Note: Bottled drinking water intended for human consumption is not always appropriate for fish. Distilled water can be particularly bad since the distilling process removes all minerals, including those that are good for your aquatic life and help stabilize the aquarium pH. Spring water may not be ideal, as its pH values can vary based on where it comes from. Always test the parameters first if you’re considering utilizing spring water. Many bottled drinking waters also contain small levels of chlorine.

Reverse osmosis

Reverse osmosis is one method employed by many professional fish keepers. This process forces water through a carbon filter and special membrane to separate contaminates from the water, including chlorine, chloramine and ammonia. It’s commonly used for drinking water, and reverse osmosis systems can even be installed directly underneath your sink so that dechlorinated water is readily available.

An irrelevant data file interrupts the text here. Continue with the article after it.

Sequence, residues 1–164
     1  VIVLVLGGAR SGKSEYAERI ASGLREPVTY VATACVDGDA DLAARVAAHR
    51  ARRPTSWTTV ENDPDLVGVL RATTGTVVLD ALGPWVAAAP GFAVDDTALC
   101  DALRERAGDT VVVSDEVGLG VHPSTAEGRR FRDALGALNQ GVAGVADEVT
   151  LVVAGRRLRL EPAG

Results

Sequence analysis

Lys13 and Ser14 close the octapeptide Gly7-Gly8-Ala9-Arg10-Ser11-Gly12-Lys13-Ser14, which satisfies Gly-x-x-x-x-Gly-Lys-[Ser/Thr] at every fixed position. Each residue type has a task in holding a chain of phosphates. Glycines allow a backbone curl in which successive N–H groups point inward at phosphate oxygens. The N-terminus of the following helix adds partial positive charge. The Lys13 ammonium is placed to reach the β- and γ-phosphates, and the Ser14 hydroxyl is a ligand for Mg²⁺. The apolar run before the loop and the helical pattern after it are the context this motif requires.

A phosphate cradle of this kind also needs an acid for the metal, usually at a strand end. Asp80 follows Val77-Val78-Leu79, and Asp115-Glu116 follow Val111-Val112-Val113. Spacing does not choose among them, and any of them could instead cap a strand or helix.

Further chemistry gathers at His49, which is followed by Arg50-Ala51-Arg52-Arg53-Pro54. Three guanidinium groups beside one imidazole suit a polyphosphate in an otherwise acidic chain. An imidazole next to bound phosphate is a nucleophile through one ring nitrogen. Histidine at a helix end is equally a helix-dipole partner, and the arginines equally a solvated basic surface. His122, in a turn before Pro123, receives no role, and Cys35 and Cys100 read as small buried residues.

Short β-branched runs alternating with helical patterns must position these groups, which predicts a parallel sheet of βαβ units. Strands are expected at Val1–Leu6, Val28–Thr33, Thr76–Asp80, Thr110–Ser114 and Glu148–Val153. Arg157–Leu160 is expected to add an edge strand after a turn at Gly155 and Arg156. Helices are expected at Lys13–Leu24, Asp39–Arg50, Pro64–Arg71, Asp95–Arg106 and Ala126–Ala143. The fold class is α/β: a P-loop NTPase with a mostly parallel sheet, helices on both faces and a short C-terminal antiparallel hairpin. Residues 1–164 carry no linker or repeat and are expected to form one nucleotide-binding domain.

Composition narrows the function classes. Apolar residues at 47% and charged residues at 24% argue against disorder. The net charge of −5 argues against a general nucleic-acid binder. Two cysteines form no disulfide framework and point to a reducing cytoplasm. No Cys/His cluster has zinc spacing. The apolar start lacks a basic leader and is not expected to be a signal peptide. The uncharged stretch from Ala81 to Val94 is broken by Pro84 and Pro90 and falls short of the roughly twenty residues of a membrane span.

Activated carbon filters

Activated carbon filters are commonly used to filter drinking water in the home. If you’ve ever used a Britta water pitcher, then you already have some experience with them. Activated carbon filters absorb many dangerous and undesirable chemicals in water, including chlorine and chloramine.

UV light

UV light can remove both chlorine and chloramine through photodegradation, the process by which light breaks down cells through oxidation and hydrolysis. At certain wavelengths, UV light can reduce both chlorine and chloramine into byproducts that can then be easily removed.  

Leave the water outside for 24 hours to allow the chlorine to evaporate, then place it underneath a UV light for another 24 hours to eliminate chloramine and any remaining chlorine. Most commercially available UV lights are only effective on small amounts of water—no more than 10 gallons at a time.